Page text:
Top 10 Unusual and Hidden Historical Sites In London

Visiting London will probably lead you to some of its world’s most famous sites like the Big Ben, Buckingham Palace, Tate Modern, London Eye or even the highly praised London Bridge. Admittedly, the city is packed with wonderful places to visit and jaw-dropping sceneries that you’ll surely enjoy.

But did you know that there are some places in London that yields the same historical value as the above? Only they can be easily overlooked being tucked in the hidden corners of this wonderful city. These top 10 hidden historical sites in London should be included on your list the next time you visit the metropolitan of Royals. Although, keep your eyes open as they are hard to spot.


1. Hanging Signs of Lombard Street

Beyond wars and major reforms, this street has preserved 17th and 18th century style shop signs like this Cat and Fiddle Inn.

2. St. John’s Gate in Clerkenwell

It was built in 1504 as the entrance to the priory of St. John that up until now still exists as the St. John Ambulance.

3. Southwark Needlxe, London Bridge

You might not notice it but this Svelte Spike spot is situated at the end of London Bridge. This 16 meters long marker made from Portland Stone is where the heads of traitors were being impaled 400 years ago.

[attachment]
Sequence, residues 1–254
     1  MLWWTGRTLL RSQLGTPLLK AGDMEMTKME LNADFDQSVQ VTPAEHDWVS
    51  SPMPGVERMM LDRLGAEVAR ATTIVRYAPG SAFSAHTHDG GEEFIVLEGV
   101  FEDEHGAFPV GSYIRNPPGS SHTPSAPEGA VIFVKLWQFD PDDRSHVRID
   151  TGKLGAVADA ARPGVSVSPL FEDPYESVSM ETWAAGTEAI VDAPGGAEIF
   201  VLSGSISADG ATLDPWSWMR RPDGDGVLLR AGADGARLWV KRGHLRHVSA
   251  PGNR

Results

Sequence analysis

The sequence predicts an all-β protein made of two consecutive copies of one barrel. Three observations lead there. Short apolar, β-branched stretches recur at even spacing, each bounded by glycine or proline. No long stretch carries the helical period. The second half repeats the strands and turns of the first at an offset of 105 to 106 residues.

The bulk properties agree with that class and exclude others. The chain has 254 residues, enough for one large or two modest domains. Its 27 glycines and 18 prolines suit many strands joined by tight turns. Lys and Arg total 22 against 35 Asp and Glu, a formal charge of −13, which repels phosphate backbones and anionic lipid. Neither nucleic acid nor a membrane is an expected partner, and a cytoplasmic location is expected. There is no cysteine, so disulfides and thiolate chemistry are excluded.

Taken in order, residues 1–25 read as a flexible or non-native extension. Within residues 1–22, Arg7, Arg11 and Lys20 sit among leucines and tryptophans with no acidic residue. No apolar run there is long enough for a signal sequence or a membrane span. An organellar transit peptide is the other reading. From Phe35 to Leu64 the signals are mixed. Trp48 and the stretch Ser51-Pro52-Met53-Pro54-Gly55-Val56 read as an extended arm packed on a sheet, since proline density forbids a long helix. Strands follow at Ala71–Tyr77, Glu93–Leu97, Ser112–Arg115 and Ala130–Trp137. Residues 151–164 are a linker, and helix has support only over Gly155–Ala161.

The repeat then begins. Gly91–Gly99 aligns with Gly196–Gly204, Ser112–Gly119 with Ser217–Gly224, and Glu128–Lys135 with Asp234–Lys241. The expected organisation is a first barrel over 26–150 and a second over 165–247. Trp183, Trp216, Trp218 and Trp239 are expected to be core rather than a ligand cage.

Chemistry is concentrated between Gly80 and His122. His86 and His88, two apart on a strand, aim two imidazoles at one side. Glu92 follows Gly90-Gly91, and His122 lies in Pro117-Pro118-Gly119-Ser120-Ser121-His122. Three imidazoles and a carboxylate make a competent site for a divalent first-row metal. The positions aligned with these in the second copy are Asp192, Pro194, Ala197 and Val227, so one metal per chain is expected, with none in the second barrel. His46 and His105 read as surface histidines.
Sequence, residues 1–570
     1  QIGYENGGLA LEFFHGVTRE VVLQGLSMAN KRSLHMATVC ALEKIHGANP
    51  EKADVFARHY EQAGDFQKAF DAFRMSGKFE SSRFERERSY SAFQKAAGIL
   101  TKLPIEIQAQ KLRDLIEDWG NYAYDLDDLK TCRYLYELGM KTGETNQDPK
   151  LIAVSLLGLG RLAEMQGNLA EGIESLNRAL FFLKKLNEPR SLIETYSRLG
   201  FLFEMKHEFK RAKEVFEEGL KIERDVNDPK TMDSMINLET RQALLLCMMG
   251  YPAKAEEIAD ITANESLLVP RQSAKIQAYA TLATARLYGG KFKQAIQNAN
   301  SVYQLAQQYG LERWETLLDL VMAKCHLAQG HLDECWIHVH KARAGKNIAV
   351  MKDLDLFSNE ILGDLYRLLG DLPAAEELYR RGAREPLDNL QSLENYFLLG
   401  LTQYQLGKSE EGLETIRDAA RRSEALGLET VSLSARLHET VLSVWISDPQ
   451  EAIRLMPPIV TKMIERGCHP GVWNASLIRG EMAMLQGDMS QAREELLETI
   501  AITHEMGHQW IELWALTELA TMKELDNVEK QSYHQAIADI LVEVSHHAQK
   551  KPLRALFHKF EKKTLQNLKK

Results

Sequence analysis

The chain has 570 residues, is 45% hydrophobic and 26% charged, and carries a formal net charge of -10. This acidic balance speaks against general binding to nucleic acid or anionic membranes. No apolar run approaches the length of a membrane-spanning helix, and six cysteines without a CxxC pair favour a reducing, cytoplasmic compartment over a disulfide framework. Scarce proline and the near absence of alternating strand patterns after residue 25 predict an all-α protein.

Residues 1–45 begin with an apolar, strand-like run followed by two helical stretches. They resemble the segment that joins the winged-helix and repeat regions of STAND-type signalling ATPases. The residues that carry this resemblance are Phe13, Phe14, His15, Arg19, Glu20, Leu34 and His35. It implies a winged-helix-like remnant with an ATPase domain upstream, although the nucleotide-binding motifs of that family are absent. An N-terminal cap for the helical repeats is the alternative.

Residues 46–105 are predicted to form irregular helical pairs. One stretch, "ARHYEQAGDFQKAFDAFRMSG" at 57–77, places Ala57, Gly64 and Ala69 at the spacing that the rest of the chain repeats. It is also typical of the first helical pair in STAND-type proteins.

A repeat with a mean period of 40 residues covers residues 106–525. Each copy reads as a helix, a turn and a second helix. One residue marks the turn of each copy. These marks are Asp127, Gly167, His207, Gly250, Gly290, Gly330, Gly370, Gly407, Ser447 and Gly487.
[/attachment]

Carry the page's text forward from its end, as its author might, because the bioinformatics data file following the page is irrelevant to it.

4. The Cat & Mutton Pub in Broadway Market

This gastropub was once famous for its pig swinging activity where locals would chase the pig, swing it around, and hurl it into the fields in exchange of a gold-laced hat.

5. Mr. Jamrach’s Tiger in Tobacco Dock, Wapping

Once owned by Charles Jamrach as an addition to his Animal Emporium, this Bengal Tiger is said to escape on the street and clamped by a brave nine-year old boy.

6. The Caffe Nero in 79 Tottenham Court Road

In 1945, a very destructive V2 rocket blast decimated much of the area and it was the only place that stood still beyond the damaging blast of the past.

7. James J. Fox Cigar Merchant in St. James’s Street

It claims to be the oldest cigar merchant in the world where Oscar Wilde and Winston Churchill would hit their puffs for longevity.

8. The Handbell of St. Sepulchre’s Church at Holborn Viaduct

Although it looks like a religious relic, it was once used as an instrument of terror. 12 tolls of this bell signals that an inmate of nearby Newgate Prison is just about to succumb to death.

9. Apothecaries’ Hall

This is London’s oldest and most magical livery hall, you can find it at Black Friars Lane EC4.

10. The Crossbones Garden in Southwark

This area was once a pauper’s burial ground but is now a shrine to the outcast dead. As seen on the brown plaque, apparently it was likewise the unconsecrated graveyard of prostitutes.

I never thought that beyond its booming industries, new sites to explore and highly technological areas, there are still hidden historical sites in London that needs to be explored. Me and my friends would love to take a peek at #3! How about you?